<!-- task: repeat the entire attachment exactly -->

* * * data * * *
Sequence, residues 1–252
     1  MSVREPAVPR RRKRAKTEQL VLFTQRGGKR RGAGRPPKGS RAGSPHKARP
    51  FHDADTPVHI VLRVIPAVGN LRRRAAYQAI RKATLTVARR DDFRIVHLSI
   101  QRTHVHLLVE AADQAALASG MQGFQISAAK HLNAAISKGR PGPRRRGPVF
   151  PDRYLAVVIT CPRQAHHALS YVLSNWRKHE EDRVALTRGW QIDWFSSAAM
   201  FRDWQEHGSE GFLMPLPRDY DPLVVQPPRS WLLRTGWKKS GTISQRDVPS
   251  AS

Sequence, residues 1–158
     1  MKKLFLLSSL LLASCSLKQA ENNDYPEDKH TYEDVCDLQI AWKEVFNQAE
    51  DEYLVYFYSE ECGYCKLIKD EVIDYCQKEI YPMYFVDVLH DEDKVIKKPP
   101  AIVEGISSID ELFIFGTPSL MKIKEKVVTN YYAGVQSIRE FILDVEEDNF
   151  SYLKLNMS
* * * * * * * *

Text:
Sequence, residues 1–252
     1  MSVREPAVPR RRKRAKTEQL VLFTQRGGKR RGAGRPPKGS RAGSPHKARP
    51  FHDADTPVHI VLRVIPAVGN LRRRAAYQAI RKATLTVARR DDFRIVHLSI
   101  QRTHVHLLVE AADQAALASG MQGFQISAAK HLNAAISKGR PGPRRRGPVF
   151  PDRYLAVVIT CPRQAHHALS YVLSNWRKHE EDRVALTRGW QIDWFSSAAM
   201  FRDWQEHGSE GFLMPLPRDY DPLVVQPPRS WLLRTGWKKS GTISQRDVPS
   251  AS

Sequence, residues 1–158
     1  MKKLFLLSSL LLASCSLKQA ENNDYPEDKH TYEDVCDLQI AWKEVFNQAE
    51  DEYLVYFYSE ECGYCKLIKD EVIDYCQKEI YPMYFVDVLH DEDKVIKKPP
   101  AIVEGISSID ELFIFGTPSL MKIKEKVVTN YYAGVQSIRE FILDVEEDNF
   151  SYLKLNMS